• Nico C

    Well said!! I just started following your adventures because I recently drove my friends to the AT start in GA and they pointed me to your blog. The AT has a lot of strange parallels to my Peace Corps experience. Nice writing & thanks for sharing.

  • Lori_nurse

    Very nice write! I look forward to getting that comfortable on the trail.


    The herd mentality always seems to be on the edge of our awareness doesn’t it? 

    I’m not the least bit surprised by your observations but I’ve experienced first hand what happens when you segregate a bunch of  brainwashed cattle (aka good folks like ourselves) for any period over 3 days with no access to their stimuli and “real world” distractions.

    Basically the shit hits the fan fairly quick, things then settle out and real personalities finally manifest. Then you notice symbiosis begin between kindred spirits with some simply regressing into their own world.

    The AT will expose your soul and suck out your very essence if you allow it.

    Heed Badger’s words all ho read this with the intention of setting out on this adventure yourselves.


    Derp! I meant congregate versus segregate below. 

    Hard to concentrate on writing when a very large Maine Coon cat (aka Rudy) decides to use the keyboard you are typing on for an impromptu nap.

  • Mark Dalton

    Great post. Everyone needs alone time. I would think the silence is one of the best parts about hiking.

    I would have to disagree with the marriage part though. Perhaps that would be true in an unhappy marriage. Personally I would insert “coworkers” there since there is less choice of who you work with than who you marry.

  • Zach, your telling of this life experience continues to inspire…but, uh…don’t expect to see me out there any time soon! I’m living vicariously.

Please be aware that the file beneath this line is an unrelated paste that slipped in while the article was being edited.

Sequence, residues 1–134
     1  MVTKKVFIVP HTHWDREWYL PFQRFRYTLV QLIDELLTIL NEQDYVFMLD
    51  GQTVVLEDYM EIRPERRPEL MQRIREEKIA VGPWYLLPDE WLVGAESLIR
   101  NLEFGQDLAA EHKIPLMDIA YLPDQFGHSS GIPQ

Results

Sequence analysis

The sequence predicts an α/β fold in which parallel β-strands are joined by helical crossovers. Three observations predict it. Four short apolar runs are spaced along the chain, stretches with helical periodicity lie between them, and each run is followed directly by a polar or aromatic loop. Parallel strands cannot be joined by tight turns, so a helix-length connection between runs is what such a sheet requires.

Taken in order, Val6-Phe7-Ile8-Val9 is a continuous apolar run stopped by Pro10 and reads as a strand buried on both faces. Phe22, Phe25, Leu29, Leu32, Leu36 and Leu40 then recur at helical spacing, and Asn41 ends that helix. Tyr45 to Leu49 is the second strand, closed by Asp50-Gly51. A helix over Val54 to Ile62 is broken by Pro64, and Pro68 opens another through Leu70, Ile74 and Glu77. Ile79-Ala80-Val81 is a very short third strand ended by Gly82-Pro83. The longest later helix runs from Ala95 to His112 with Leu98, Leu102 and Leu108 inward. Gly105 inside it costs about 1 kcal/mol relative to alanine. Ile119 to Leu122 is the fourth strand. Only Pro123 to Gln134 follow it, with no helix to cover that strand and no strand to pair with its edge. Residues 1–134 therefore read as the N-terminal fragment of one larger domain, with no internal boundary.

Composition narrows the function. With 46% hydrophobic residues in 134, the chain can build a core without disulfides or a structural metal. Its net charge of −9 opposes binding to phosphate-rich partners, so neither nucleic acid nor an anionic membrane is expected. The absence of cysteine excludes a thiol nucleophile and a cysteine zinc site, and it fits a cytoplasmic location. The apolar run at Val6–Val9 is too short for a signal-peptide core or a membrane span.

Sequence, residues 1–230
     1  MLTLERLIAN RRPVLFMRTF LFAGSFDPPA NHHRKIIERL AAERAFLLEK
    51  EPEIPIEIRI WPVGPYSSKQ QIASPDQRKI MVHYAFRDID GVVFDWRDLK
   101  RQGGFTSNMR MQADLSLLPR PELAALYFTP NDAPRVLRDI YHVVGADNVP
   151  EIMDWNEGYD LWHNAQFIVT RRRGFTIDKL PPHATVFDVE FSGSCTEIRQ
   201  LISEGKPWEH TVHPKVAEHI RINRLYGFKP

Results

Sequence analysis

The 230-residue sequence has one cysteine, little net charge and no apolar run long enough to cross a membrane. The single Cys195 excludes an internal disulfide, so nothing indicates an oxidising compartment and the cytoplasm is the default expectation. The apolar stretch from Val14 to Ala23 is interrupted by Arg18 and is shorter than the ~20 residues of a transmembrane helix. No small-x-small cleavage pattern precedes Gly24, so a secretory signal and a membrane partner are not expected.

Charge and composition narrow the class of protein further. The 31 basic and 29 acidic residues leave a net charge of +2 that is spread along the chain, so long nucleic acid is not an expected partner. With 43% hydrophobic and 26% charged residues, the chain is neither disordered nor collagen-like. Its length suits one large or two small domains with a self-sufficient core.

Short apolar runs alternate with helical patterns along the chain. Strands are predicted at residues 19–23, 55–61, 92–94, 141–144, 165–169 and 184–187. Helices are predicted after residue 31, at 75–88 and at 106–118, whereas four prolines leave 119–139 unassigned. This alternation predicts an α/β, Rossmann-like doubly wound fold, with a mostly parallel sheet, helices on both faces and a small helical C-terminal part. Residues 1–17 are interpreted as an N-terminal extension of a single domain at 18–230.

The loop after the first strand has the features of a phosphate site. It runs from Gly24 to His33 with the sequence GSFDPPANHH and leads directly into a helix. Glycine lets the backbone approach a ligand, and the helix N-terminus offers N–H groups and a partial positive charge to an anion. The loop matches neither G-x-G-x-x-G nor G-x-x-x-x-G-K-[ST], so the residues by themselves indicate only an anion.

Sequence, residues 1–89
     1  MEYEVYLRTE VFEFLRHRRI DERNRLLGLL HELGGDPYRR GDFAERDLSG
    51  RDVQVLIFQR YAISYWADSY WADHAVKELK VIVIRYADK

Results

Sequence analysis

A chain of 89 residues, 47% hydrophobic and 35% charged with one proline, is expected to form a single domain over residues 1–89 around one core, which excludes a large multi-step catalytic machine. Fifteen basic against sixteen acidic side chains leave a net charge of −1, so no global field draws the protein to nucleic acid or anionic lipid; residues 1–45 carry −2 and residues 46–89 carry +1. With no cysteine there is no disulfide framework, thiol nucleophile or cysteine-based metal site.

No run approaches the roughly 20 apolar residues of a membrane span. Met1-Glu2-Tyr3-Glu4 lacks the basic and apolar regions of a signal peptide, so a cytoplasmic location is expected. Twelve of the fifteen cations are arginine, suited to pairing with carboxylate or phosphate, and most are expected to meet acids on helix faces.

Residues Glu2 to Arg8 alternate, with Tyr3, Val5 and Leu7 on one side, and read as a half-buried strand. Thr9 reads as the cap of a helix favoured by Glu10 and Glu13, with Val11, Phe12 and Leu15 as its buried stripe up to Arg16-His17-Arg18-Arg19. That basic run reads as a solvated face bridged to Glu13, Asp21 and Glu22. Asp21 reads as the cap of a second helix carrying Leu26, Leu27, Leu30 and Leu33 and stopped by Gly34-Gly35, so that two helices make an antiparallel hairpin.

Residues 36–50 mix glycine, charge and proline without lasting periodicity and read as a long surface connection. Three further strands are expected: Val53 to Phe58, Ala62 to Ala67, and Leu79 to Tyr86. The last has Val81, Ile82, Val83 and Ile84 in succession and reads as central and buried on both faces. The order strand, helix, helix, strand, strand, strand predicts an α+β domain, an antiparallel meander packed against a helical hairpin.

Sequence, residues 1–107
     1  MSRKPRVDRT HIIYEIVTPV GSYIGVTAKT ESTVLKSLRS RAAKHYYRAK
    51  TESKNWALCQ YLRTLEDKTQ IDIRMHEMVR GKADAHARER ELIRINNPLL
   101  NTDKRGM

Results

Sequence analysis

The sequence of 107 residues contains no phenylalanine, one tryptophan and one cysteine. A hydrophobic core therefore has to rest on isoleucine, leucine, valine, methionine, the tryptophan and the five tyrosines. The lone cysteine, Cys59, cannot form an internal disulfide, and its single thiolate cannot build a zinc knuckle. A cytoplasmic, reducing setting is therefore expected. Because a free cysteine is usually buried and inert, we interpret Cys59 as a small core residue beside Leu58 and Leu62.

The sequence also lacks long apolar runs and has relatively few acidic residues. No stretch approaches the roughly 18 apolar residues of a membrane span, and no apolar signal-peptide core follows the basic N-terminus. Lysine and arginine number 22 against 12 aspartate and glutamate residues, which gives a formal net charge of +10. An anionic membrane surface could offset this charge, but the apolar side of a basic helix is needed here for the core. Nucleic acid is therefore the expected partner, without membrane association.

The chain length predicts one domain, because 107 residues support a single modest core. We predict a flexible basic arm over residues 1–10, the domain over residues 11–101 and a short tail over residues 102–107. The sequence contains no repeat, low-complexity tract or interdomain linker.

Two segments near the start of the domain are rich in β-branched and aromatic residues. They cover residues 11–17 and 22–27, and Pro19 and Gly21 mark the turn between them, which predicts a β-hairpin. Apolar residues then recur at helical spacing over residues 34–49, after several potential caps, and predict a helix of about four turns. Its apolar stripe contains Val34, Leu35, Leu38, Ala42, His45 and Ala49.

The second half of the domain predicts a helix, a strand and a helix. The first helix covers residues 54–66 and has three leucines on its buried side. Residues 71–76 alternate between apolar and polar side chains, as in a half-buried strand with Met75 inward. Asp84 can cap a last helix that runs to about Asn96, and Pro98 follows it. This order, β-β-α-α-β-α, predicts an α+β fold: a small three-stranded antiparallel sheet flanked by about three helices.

• I hope you didn’t take offense to the marriage joke- I meant it purely in jest. I’ve been married zero times- therefore my opinion on the matter is null.

    My parents came to visit as i was writing that part. They laughed- thankfully 🙂

  • Thanks for the thoughtful comment as per usual Chuck. Much appreciated!

  • Thanks for taking the time to check out the site Nico! Although I’m sure there is a lot of cross over between the AT and the Peace Corps- your efforts are being put toward a much greater cause. Thank you for that.

  • You definitely will Lori. If you have any times of unease early on- reach out and I’d be happy to lend a friendly voice.

  • I wrestle the bears so you don’t have to Richard. Thanks for keeping in touch man!

  • Laurenjoon

    Amazing post, as always!

  • Mark Dalton

    No offense at all. I figured you were joking. Just trying to score points with the spouse 🙂

  • AustinB-R

    DIYDAD, you basically just described the early stages of group therapy.  In group therapy settings, therapists expect for there to be conflict early (shit hitting the fan), then people eventually feel that they can be themselves.  They begin to support one another, particularly where they feel a connection with other members.  It’s cool so know that it happens on the AT, too. 🙂  I can’t wait to get there…

  • VickyD

    great post.

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  • Sarah_Says

    Great post – i now understand that, undertaking the AT is more of an independent journey – even though you may have a walking partner, and meet other hikers on the way…. its about your journey! You don’t have to stay with these hikers the whole journey…. walk your own way!

    Did you ever feel, scared or uneasy when you found yourself alone for a few days? I know you say that, the woods end up feeling like ‘home’ – but you often hear ‘stories’ about some hikers hearing noises / screams / see things they can’t quite explain…. Did you ever experience anything like this, at any point during your time on the Trail?